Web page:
Hard Work and Perseverance: The tale demonstrates the value of hard work and perseverance, as the shoemaker continues to work diligently despite his initial struggles. When the elves come to his aid, his fortunes improve, but he does not take their assistance for granted. Instead, he remains dedicated to his craft, which ultimately leads to his continued prosperity even after the elves‘ departure. In each story, the human characters are diligent and dedicated to their work, and the elves reward their efforts with assistance. This reflects the importance of perseverance and commitment in achieving success and prosperity.

Magic and Wonder: The story is a celebration of the magical and wondrous aspects of life. The presence of the elves and their mysterious assistance can be interpreted as a reminder to appreciate the unexpected and unexplainable moments that can bring joy and good fortune. This interpretation encourages readers to embrace the element of magic and wonder in their own lives. All three stories emphasize the existence of magical creatures and the supernatural, which humans cannot see but can still affect their lives. The stories encourage readers to believe in the power of the unknown and to be open to the possibility of help or intervention from mysterious sources.

The Power of Community: Another interpretation of the story is the importance of community and working together. The elves, the shoemaker, and his wife all contribute their skills and efforts to help one another, illustrating the power of cooperation and collaboration. This message highlights the significance of supporting and relying on others in times of need.

Humility and Generosity: The shoemaker and his wife are humble and generous characters, which plays a significant role in their eventual success. They recognize the value of the help they receive and do not hesitate to express their gratitude. This interpretation emphasizes the virtues of humility and generosity, suggesting that they can lead to happiness and prosperity.

The Fluidity of Time: The second story highlights how time can pass differently in the world of the elves compared to the human world. This can be interpreted as a reminder that time is relative and that we should make the most of the present, as we cannot always predict how time will affect our lives.

Wisdom and Cunning: In the third story, the mother uses her neighbor’s advice to trick the changeling and recover her child. This demonstrates the value of using wisdom and cunning to overcome challenges and protect what is dear to us.

Overall, „The Elves and the Shoemaker“ offers various interpretations, each focusing on different aspects of human values, morality, and the enchanting elements of life. These multifaceted themes contribute to the story’s enduring appeal and its status as a beloved fairy tale in the Brothers Grimm’s collection.

Adaptions of the fairy tale „The Elves and the Shoemaker“

„The Elves and the Shoemaker“ is a classic European fairy tale that is part of the larger collection of stories by the Brothers Grimm, titled „Grimms‘ Fairy Tales“ or „Children’s and Household Tales“ (in German, „Kinder- und Hausmärchen“). „The Elves and the Shoemaker“ has inspired a variety of adaptations across different media, showcasing the timeless appeal of this charming and magical fairy tale. Here are some specific examples of adaptations:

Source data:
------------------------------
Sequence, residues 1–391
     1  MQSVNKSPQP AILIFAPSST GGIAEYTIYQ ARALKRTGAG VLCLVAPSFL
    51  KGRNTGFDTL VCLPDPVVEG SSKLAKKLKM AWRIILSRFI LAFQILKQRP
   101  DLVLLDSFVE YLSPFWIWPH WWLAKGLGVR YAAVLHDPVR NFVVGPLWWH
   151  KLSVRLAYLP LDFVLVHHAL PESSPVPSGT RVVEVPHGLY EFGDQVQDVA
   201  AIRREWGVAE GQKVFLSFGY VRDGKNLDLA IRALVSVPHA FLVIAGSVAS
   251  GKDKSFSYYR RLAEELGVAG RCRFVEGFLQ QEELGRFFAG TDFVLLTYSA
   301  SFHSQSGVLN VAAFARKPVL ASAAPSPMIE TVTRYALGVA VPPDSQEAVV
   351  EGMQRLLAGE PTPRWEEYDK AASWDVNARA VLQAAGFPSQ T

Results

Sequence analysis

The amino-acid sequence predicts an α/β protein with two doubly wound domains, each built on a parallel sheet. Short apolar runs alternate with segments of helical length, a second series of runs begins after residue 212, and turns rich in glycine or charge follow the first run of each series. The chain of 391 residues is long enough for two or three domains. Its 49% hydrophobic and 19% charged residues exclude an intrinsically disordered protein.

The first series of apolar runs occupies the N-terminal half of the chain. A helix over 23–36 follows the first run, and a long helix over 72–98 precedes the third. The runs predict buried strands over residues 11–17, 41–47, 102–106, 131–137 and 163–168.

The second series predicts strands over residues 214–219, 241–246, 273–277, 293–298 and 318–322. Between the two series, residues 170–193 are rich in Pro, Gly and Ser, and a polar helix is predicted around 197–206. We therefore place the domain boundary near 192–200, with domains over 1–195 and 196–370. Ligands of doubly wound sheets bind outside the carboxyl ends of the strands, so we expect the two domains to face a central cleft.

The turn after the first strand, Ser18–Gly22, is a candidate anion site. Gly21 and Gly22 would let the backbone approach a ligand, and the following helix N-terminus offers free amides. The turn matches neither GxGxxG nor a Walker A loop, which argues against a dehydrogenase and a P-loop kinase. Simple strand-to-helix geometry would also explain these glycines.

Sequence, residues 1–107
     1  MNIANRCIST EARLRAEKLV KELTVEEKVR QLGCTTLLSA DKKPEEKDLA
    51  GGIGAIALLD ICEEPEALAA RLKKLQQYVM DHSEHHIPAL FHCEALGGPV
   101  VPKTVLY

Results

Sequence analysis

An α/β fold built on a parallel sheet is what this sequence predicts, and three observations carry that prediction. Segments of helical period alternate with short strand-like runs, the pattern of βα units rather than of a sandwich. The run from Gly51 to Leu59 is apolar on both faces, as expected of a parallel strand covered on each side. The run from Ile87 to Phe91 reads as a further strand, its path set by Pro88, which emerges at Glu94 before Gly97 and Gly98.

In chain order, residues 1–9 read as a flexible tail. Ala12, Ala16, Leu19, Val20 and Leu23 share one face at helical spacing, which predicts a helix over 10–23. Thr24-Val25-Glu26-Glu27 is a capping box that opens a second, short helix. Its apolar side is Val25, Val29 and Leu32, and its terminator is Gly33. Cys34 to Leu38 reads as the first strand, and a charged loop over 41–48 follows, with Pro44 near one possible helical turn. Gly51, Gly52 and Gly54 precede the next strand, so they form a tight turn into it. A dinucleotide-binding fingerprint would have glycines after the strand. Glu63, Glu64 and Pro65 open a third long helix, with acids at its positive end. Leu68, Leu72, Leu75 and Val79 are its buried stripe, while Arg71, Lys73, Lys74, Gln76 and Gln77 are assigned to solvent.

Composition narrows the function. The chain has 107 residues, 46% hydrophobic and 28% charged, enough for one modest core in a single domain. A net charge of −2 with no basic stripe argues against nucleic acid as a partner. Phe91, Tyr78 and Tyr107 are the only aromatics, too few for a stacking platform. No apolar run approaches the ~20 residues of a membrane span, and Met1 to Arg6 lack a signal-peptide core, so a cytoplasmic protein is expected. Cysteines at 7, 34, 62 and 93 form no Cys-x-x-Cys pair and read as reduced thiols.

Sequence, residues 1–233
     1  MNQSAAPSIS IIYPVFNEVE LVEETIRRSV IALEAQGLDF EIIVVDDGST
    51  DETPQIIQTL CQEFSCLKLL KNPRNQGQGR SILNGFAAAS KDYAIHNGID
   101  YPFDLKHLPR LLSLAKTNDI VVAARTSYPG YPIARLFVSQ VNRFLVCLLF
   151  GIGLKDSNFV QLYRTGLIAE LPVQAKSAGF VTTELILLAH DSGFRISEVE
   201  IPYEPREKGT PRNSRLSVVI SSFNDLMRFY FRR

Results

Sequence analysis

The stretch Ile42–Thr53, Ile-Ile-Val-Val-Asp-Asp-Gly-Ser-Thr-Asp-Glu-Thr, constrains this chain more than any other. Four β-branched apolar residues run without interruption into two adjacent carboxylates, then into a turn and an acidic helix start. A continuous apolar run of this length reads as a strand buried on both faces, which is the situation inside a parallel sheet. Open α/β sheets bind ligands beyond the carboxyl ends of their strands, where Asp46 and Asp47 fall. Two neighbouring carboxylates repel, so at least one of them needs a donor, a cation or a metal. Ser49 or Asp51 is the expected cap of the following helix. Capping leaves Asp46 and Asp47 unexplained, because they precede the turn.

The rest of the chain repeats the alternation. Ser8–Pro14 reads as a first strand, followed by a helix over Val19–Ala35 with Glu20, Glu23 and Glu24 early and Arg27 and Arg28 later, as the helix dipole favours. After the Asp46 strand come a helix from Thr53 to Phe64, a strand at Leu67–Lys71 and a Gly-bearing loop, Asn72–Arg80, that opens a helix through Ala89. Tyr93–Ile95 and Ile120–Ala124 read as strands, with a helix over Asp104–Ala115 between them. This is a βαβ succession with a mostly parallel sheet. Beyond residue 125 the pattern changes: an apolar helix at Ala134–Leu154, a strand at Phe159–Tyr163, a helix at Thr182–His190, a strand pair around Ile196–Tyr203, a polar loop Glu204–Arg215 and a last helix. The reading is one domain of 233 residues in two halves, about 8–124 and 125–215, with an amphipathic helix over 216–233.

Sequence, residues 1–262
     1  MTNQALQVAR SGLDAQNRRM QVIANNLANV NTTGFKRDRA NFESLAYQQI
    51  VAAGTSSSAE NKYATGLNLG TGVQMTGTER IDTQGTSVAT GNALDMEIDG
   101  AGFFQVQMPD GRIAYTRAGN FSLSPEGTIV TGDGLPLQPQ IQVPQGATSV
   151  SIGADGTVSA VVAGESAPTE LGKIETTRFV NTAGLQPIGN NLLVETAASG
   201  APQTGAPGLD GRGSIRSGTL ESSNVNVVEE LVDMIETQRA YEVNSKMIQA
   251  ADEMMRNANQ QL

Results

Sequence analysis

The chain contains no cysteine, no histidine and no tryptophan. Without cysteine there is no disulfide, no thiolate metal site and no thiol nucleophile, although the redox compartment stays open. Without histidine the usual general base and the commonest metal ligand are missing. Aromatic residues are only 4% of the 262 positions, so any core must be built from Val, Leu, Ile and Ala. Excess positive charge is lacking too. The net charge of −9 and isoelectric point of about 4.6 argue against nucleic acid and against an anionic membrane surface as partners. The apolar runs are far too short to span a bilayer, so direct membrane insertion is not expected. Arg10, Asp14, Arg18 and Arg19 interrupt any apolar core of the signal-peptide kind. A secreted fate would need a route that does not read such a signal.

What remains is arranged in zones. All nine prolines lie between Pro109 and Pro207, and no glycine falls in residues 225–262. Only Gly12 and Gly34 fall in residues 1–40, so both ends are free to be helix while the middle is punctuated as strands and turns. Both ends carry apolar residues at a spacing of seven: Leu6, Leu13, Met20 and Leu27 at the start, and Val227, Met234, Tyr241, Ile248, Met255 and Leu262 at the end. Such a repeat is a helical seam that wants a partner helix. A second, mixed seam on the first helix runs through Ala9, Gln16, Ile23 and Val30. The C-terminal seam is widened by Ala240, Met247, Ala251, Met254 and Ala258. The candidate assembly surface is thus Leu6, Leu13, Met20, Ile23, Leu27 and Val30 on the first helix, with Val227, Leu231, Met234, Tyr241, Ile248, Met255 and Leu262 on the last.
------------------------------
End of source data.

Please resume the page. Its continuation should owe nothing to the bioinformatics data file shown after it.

Literature: The story has been retold and reimagined in numerous children’s books, often with illustrations that bring the tale to life. Authors and illustrators such as Paul Galdone, Jim LaMarche, and Mara Alperin have created picture book versions of the story, each offering their unique take on the classic tale.

Children’s books: The story has been adapted into numerous children’s books, including „The Elves and the Shoemaker“ by Paul Galdone, „The Shoemaker and the Elves“ by Jakob and Wilhelm Grimm, and „The Elves and the Shoemaker“ by Bernadette Watts. The story has been adapted into comics and graphic novels, including „The Elves and the Shoemaker“ by Jim Henson and illustrated by Arthur Rackham, and „The Elves and the Shoemaker“ by Lisa Mullarkey and illustrated by Valerie Sokolova.

Television series: The story has been adapted into episodes of several television series, including „Shelley Duvall’s Faerie Tale Theater“ and „Grimm’s Fairy Tale Classics.“

Film and Animation: „The Elves and the Shoemaker“ has been adapted into several animated films and television episodes. One example is the 1960 short animated film by Ray Harryhausen called „The Story of the Elves and the Shoemaker.“ The tale has also been featured in animated series like „Happily Ever After: Fairy Tales for Every Child“ (1995) and „SimsalaGrimm“ (1999). The story has been adapted into several animated films, including the 1935 Disney short film „The Shoemaker and the Elves,“ the 1961 Soviet animated film „The Elves and the Shoemaker,“ and the 1990 Japanese anime film „The Elves and the Shoemaker.“

Theater and Dance: The story has been adapted for the stage in various forms, including plays and ballets. For instance, the Northern Ballet produced a ballet adaptation called „Elves & the Shoemaker“ in 2015, which was choreographed by Daniel de Andrade. In addition, numerous children’s theater groups have performed stage adaptations of the story. The story has been adapted into various stage productions, including ballets, operas, and plays. One notable adaptation is the ballet „The Elves‘ Gift,“ choreographed by George Balanchine for the New York City Ballet in 1956.